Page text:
5. 5. Index Land based All Terrain Vehicle (ATV) Tours 05 Bungee Jumping 10 Cycling Tours 13 Camel Safaris 23 Horse Safaris 27 Jeep Safaris 31 Motorcycle Tours 35 Mountaineering 40 Nature Walks / Bird Watching 44 Rock climbing, Artificial Wall 49 Climbing & Abseiling Personal Light Electric 55 Vehicle (PLEV/Segway) Tours Skiing/Snowboarding 61 Trekking 67 Wildlife Safaris 72 Zip Wires & High 78 Ropes Courses Design by: M. Faisal - 9873463737 AIR BASED Hot Air Ballooning 85 Paragliding / Hang Gliding 92 Para Motoring 96 Parasailing 99 Skydiving 102 Air Safaris 107 Kiteboarding 110 water based Kayaking / Sea Kayaking 115 Rafting 120 River Cruising 124 Scuba Diving 127 Snorkeling 133 Water Sports Centres 137 Essentials 141 Acknowledgements 2017 162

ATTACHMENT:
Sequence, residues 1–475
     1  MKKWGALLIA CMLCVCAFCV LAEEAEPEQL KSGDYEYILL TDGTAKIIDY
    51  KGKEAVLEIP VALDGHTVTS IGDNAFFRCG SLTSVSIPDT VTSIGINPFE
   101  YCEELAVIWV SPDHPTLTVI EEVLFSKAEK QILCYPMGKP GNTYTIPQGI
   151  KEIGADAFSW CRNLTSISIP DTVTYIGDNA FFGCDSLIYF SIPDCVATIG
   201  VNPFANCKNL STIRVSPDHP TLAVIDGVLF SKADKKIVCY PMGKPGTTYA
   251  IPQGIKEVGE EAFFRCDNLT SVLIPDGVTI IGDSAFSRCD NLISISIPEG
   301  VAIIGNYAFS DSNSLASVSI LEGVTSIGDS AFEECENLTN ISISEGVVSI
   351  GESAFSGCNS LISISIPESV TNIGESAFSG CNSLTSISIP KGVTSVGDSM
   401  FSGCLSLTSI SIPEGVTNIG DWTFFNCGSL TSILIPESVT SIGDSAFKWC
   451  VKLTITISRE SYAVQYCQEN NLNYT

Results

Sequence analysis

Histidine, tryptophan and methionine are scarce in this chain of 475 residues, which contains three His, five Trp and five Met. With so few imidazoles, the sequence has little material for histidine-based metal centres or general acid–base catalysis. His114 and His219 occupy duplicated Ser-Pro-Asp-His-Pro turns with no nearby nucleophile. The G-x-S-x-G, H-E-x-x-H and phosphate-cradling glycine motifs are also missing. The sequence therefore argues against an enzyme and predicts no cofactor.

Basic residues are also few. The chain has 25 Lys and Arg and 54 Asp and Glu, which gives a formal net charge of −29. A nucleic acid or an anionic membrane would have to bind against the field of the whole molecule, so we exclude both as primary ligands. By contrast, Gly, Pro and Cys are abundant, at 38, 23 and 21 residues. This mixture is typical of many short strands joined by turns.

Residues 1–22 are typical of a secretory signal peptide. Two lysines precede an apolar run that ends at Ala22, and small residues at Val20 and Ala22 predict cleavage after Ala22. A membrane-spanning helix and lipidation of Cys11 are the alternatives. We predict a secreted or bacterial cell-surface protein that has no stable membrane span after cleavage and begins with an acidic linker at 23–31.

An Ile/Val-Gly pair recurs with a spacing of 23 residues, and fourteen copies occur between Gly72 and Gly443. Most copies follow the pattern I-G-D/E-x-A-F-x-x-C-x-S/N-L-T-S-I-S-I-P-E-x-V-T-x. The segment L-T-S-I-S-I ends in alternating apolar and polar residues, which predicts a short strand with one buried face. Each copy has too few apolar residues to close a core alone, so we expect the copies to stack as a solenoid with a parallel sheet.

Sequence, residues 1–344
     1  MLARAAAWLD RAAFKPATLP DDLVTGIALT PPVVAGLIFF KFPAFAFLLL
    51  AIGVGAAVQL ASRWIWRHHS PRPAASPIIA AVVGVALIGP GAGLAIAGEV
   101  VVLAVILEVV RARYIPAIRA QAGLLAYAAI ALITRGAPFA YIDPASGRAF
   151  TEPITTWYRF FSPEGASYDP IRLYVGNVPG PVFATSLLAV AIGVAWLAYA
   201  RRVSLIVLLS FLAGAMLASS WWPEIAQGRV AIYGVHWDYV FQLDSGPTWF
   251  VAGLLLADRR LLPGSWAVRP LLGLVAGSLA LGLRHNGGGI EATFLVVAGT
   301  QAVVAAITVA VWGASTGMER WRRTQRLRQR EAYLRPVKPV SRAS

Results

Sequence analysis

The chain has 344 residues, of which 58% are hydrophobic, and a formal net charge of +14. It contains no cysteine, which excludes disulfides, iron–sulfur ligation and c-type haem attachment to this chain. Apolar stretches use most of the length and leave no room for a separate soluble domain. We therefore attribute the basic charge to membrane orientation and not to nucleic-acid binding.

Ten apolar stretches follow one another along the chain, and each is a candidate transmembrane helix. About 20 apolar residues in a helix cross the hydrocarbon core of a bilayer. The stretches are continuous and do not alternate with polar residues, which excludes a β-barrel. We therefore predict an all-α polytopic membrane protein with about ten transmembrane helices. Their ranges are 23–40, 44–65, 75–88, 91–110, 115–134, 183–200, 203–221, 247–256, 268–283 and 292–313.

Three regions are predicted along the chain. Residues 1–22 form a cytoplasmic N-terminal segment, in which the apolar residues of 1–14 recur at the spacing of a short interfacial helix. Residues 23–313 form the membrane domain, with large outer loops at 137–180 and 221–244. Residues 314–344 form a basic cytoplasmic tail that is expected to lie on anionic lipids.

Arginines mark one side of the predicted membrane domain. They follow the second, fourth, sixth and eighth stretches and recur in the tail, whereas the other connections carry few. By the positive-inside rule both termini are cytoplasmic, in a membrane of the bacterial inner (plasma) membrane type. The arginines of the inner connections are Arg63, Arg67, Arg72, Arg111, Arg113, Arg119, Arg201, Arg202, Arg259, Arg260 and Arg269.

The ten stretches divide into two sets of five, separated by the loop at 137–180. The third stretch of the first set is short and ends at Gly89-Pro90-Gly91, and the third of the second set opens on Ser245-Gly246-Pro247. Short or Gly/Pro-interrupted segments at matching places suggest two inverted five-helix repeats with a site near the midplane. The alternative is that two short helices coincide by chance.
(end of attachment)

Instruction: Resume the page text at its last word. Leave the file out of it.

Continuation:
6. 6. Ms. Deepika Chowdhry Wg. Cdr. Amit Chowdhury Vice President, Indian Mountaineering Foundation Col. J.S. Dhillon Principal, Indian Institute of Skiing and Mountaineering Capt. Satish Pathania Mr. Ravi Kumar Programme Director, NOLS India Mr. Anirudh Chaoji Mr. Vaibhav Kala Mr. Nirat Bhatt Ms. Deeya S. Bajaj Mr. Gurpreet Dhindsa Col. Manoj Kumar Ms. Gauri Jayaram Kr. Siddharth Singh Col. Manoj Keshwar Mr. Shekhar Babu Mr. Amit Sharma Mr. Akshay Kumar Mr. Mohan Tickoo Mr. Madhu Sudan G Mr. Samit Garg Mr. Jehan Driver Mr. Sanjay Basu Ms. Avanti Malsute Mr. Prateek Gupta Mr. Vinay Sirsi Mr. Arvind Bhardwaj Brig. S.P. Singh Mr. Jitendra Singh Rathore Mr. Naveet Bali Mr. Paul Mc Pherson Mr. Rudra Bhanu Solanki Mr. Alistair Scott Col. Gary Bajwa Ms. Shirly T. Bajaj Ms. Aanchal Rathi Mr. Shishir Parab Ms. Sheena Theofin Ms. Neetu Goel Ajeet Bajaj Co Founder / Sr. Vice President Adventure Tour Operators Association of India On behalf of ATOAI, I would like to acknowledge and thank the following for their tremendous support in drafting these guidelines:- 7 www.atoai.org